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Publication numberUS298534 A
Publication typeGrant
Publication dateMay 13, 1884
Filing dateOct 29, 1883
Publication numberUS 298534 A, US 298534A, US-A-298534, US298534 A, US298534A
InventorsOdell Wilson
Export CitationBiBTeX, EndNote, RefMan
External Links: USPTO, USPTO Assignment, Espacenet
US 298534 A
Abstract  available in
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Description  (OCR text may contain errors)

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Patented May 13. 1884.

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SPECIFICATION forming part of Letters Patent No. 298,534, dated May 13, 1884:.

Application filed October 29, 1 883.

To aZZ whom it may concern.-

Be it known that I, OnnLL WrLsoN, of Cleveland, in the county of Ouyahoga and State of Ohio, have invented certain new and useful Improvements in Furnaces, of which the following is a specification.

These improvements relate to furnaces for steam-boiler, smelting, or other purposes; and they consist in the construction and arrangement of air-flues, in combination with the smoke-fines and fire-walls, whereby air is admitted from without and becomes heated and is discharged at the point of combustion where the gases and smoke from the fire are consumed, the object being to provide a means of enhancing combustion and to avoid waste of fuel by consuming all the combustible material contained in fuel, as hereinafter described and claimed.

In the accompanying drawings, Figure 1 is a perspective view of asmelting-furnace, having portions of the outer walls broken out to show the interior construction of fiues. Fig. 2 is a longitudinal section of the same. Fig.

3 is a horizontal section of the same; Fig. 4, a longitudinal and vertical section of a steamboiler, showing arrangement of air-flues as adapted to that purpose. Fig. 5 is ahorizontal section through the flues, showing their arrangement for conducting and discharging heated air at the connection of the fire-fines with the fire-box.

A is a firebox of the usual construction, provided with ash-pit and grate.

Instead of the usual bridge-wall, I construct a series of smoke or fire fines and airducts, which occupy, in a smelting-furnace, a suitable proportion of space between the firebox and the smelting-oven, as seen in Figs. 1, 2, and 3; but in a boiler-furnace they occupy the full distance under the boiler from the fire-box to the rear end of the boiler. The said fiues may be constructed in the masonry, and preferably so in case of all statio'nary furnaces, but may be constructed of iron in the case of movable or portable furnaces, as locomotives and the like. These flucs are arranged in two coursesone above the otherand the fire flues arranged alternately with the air-fines, whereby the air shall be- (No model.)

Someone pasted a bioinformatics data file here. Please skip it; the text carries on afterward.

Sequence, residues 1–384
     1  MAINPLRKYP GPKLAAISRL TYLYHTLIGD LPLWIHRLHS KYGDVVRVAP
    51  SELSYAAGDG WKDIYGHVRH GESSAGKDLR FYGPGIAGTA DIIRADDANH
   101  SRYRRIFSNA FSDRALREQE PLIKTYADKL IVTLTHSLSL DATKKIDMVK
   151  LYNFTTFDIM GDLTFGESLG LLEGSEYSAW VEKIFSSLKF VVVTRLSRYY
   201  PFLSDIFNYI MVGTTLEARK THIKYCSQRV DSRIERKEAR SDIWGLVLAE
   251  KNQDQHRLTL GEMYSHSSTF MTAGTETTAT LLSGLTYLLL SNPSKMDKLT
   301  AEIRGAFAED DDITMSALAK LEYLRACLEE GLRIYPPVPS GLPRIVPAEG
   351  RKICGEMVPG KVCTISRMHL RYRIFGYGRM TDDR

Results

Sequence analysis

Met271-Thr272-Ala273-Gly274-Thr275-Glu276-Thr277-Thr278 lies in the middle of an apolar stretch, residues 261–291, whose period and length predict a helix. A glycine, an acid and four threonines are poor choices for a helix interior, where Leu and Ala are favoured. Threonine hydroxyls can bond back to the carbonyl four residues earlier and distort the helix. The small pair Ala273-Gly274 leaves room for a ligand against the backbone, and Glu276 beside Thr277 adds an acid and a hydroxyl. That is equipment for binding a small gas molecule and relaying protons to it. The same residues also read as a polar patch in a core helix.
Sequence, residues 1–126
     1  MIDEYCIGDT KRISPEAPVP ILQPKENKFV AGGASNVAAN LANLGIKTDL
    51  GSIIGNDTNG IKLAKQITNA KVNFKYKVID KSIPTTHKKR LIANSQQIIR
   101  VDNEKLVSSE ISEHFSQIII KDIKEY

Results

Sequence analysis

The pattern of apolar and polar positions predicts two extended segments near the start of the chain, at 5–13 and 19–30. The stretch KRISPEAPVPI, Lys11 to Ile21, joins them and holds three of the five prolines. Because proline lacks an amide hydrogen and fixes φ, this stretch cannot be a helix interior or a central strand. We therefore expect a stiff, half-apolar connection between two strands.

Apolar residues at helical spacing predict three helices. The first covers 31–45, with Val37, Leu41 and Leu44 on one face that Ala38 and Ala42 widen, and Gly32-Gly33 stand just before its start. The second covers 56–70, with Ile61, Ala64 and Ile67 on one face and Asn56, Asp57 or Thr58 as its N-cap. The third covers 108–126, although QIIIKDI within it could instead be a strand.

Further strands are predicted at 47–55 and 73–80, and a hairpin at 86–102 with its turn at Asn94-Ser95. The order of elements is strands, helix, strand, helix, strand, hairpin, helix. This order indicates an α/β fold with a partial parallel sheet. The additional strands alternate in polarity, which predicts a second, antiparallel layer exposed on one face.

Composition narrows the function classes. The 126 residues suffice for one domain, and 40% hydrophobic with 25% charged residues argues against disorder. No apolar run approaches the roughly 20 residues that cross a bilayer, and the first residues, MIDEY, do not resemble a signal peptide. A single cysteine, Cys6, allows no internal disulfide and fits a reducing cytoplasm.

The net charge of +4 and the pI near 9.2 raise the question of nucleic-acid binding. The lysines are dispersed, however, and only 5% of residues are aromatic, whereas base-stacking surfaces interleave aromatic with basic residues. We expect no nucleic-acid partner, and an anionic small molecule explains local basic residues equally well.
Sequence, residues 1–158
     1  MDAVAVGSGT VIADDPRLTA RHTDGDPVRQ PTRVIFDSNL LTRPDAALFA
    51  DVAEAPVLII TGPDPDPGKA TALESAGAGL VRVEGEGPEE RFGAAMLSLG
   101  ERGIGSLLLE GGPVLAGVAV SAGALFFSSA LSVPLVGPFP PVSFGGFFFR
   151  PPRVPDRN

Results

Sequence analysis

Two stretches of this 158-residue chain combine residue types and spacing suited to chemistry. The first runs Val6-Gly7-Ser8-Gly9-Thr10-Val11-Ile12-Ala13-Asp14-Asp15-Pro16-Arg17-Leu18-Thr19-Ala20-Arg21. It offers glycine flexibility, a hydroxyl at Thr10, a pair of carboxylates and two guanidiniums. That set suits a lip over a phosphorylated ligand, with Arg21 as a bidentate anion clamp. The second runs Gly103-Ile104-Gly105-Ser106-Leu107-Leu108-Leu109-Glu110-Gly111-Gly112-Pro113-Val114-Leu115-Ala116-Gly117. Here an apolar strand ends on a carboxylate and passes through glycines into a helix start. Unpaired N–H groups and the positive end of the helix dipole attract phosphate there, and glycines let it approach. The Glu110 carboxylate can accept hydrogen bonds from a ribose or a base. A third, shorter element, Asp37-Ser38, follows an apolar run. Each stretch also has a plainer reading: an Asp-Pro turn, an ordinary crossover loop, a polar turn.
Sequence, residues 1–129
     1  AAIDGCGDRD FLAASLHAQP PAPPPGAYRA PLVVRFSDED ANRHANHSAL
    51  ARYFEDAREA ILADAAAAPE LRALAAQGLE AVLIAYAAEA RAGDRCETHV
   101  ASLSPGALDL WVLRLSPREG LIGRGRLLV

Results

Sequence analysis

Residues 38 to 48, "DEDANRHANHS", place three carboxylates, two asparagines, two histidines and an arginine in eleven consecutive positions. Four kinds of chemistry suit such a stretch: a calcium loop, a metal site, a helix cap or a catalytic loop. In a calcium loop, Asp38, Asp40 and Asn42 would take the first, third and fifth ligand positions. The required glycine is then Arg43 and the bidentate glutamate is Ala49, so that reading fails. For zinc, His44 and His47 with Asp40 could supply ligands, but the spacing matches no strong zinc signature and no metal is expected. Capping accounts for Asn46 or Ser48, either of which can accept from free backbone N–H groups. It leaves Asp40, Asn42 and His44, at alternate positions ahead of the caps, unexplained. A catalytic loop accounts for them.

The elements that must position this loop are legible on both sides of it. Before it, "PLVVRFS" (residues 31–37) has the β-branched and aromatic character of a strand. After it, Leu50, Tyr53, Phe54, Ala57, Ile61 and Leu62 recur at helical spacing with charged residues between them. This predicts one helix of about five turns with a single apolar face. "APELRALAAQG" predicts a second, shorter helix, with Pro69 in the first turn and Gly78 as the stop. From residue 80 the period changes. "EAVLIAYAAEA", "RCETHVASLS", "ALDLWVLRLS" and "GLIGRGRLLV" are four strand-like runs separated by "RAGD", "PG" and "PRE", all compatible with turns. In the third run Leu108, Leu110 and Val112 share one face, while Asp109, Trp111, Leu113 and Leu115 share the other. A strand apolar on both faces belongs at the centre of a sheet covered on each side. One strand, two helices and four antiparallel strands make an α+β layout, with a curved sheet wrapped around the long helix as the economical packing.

come heated in its course through said airfines.

As shown in all the figures, the smoke-fines lead straight through from the fire-box into the oven, or to the back space at rear of boiler, so that the fire has a direct and unobstructed passage. The air-fines are arranged and so connected as to lead the air back and forth from the outer into a central flue and discharge heated air through gratings or openings in a transverse fines at the point where the fire enters the oven, or at the point where the fire first enters the smoke-flues, directly from the fire-box, as in the boiler-furnace. This discharges hot air at the points of combustion, supplying oxygen for completing the consumption of the gases.

In Figs. 1, 2, and 3 the air is admitted from without through an opening, B, in the two side walls, which leads into the side flues, G O. The air passes along in the direction indicated by the arrows. It passes thence into flue D, backward and into flue E, thence into the central flue, F, thence into the transverse flue G, the upper side of which is provided with openings through which the air escapes or discharges. In Figs. 4 and 5 the course of the air is reversed for discharging the air in front. In the walls at the sides of the fire-box are also provided perpendicular air flues, in which air is also conveyed to the same point of combustion, as auxiliaries to the beforedescribed fiues for the supply of heated air.

A steam-jet may be injected at the air-inlets for the purpose of giving greater force to the draft of air.

It has been customary to heat the air-supply of furnaces by means of fines located above the fire-box, also by lines beneath the working chamber or bed of furnaces. My construction and arrangement of fines, however, is novel. My air-fines are constructed to receive at a point between the fire-box and the smokestack and conduct it forward to or near to the fire-box, and then back through shallow return-fines. Said return air-fines are located beneath the smoke-exit fines. They may communicate with other deep fiues leading toward the fire-box, and at that point dis charge into other shallow return-flues. Thus 2. The combination, in a furnace, of the large air-inlet flues, the intermediate shallow return air-fines, and the smoke-fines located above the return air-flues and between the large lines, and a series of flues constructed in the side walls of the fire-box, conveying the heated air to the point of combustion, 20

substantially as described.




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US5440351 *May 25, 1993Aug 8, 1995Ichino; TedTelevision with user-selectable radio sound
Cooperative ClassificationF23L9/00